During a recent visit to Philadelphia’s Comcast Center, Ryan Eggold had a lot to say about New Amsterdam, a new one-hour hospital drama on NBC. In preparing for his role on the show—a hospital medical director named Dr. Max Goodwin—the 34-year-old Eggold has had to learn medical jargon, and he’s enjoyed interacting with patients on the set.
New Amsterdam got its inspiration from the book Twelve Patients: Life and Death at Bellevue Hospital by Eric Manheimer, M.D., the former medical director at the nation’s oldest public hospital. The show follows Eggold’s Dr. Goodwin as he sets out to dismantle the hospital’s bureaucracy and focus more intently on each patient. The experience, he says, has given him insight into the nature of the human animal.
“I’m inspired by Eric and his story,” Eggold says. “I think it’s easy to forget to care. It’s easy to become complacent. Certainly, speaking for myself, it’s a wonderful sort of refreshing feeling that each of us can do this better in any aspect of life: in your career, with your family, with your relationship with health care, with being a doctor, with being an actor.”
Eggold’s career has followed an upward trajectory since he graduated from the University of Southern California’s School of Dramatic Arts. After landing his first role on The Young and the Restless, he has since made his mark on shows such as Entourage, Veronica Mars, and Blacklist. He has also earned fame on the big screen, with a pivotal role in Spike Lee’s latest film, BlacKkKlansman.
In the following Q&A, Eggold talks about what he’s learned on the set, words of wisdom for fledgling actors, and how his ambitions have evolved over the years.
How did you approach Dr. Max Goodwin, your character on New Amsterdam? I take my cues from Eric Manheimer, who wrote the book that the series is based on. What I like about Eric’s bedside manner, his heart, and his pathos is that he is also very honest and pragmatic. Eric is full of empathy and humanity, and he wants doctors to approach medicine as human beings helping other human beings. At the same time, he’s not overly idealistic or overly sentimental.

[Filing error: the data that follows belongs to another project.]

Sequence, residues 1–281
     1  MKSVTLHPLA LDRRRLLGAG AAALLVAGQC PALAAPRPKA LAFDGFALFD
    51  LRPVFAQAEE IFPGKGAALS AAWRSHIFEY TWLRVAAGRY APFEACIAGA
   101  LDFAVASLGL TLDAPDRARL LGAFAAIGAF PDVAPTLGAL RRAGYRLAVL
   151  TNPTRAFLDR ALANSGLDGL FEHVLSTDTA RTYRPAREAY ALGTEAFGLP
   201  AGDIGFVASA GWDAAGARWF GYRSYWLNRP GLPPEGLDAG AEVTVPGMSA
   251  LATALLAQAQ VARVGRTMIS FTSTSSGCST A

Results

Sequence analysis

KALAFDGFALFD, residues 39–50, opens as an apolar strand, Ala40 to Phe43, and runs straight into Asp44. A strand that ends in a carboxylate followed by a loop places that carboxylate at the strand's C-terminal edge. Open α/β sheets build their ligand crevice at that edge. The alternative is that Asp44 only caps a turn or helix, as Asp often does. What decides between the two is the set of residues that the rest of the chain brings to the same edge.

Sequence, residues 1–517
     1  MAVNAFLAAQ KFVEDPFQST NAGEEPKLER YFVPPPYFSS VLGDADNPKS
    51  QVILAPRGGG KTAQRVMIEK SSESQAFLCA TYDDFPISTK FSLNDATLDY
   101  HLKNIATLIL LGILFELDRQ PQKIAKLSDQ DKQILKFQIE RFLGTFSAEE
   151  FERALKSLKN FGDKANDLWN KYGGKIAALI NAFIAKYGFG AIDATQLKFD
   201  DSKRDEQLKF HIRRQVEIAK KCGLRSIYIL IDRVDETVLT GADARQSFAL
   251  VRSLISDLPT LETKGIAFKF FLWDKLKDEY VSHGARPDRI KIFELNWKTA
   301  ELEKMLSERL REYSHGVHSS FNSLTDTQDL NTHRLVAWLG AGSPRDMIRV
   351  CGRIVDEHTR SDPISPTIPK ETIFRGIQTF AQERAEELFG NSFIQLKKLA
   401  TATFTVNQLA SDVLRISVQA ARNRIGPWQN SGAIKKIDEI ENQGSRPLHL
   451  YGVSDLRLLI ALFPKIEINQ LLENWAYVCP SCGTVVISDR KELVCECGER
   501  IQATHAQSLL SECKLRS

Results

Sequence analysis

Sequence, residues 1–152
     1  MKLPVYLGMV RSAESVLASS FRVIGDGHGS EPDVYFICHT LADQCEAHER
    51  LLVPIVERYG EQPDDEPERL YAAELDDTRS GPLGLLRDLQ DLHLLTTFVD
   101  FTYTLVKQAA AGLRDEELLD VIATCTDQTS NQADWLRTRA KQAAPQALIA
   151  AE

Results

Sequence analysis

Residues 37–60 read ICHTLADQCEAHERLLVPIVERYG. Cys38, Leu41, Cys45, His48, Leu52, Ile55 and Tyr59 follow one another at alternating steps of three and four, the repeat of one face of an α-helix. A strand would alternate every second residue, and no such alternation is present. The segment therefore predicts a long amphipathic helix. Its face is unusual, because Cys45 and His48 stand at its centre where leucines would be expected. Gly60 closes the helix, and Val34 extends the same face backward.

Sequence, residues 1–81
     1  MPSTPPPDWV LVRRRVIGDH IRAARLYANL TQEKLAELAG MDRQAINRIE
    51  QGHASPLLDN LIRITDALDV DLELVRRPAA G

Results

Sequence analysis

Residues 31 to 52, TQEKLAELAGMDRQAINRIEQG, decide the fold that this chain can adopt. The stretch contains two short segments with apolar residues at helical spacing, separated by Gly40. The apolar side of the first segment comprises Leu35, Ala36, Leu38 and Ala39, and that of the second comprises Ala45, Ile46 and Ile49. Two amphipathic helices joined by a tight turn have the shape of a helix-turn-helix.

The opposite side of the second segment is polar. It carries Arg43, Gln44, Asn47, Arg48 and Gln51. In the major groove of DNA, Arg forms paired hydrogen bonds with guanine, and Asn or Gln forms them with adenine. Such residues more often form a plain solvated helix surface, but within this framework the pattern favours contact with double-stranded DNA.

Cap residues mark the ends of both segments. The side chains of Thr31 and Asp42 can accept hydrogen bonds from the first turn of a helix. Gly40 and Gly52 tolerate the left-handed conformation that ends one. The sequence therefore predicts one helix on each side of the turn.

Do you think we can all make a difference like Dr. Manheimer did? The easiest and most common answer, I think, is no, in the sense that we get so comfortable thinking: Well, the system is larger than me. The government is larger than me. This hospital is larger than me. This institution is larger than me. So, what can I possibly do that’s going to be of any consequence?
Did you want to take this role from the very beginning? No, not at all. When I first heard about it, I honestly said, “Hospital show, no thanks. We’ve seen it before; I’m not interested.” But once I read it I could see right away that it was something different. … It’s particularly relevant right now, because not only is it about health care, but there’s a larger message about how we get past the part where we disagree to get something done and something moving. It’s a reminder for us to care, too.
How do you pick your projects? The most exciting thing to me is shedding light on somebody’s real story. I have the privilege of being on a screen looking like a hero and sort of receiving credit for that, which is all well and good, but here’s Eric, who’s a real guy, really doing and saying these things, not on a screen for millions of viewers and not getting that credit.
In the case of Ron Stallworth in BlacKkKlansman, he’s the first black cop in an all-white precinct in the late ’60s. He eventually went undercover in the [Ku Klux Klan], and he had enormous courage and determination. So, for me getting to tell those stories of real people is inspiring.
What advice do you have for someone who wants to follow in your footsteps? Primarily, don’t waste too much time trying to guess or figure out what you’re supposed to be or what anyone else wants you to be. Spend time figuring out who you really are, what you really want, what you’re really passionate about, what kinds of stories you really want to tell, what kind of characters you want to inhabit, and then just go after that passionately.
If we had talked 10 or 15 years ago, what would have been your dream career versus the reality of what you’re doing right now? Gosh, if we talked 10 years ago, I would have had my head so much in the clouds I wouldn’t know what to say or think. I love all those giant popcorn movies; they are fantastic. But more than that, what’s really fun for me is telling true stories just because I think they need telling. The fact that I get to tell those stories is extremely satisfying. I am in a great place right now.
Published (and copyrighted) in Suburban Life Magazine, October 2018.
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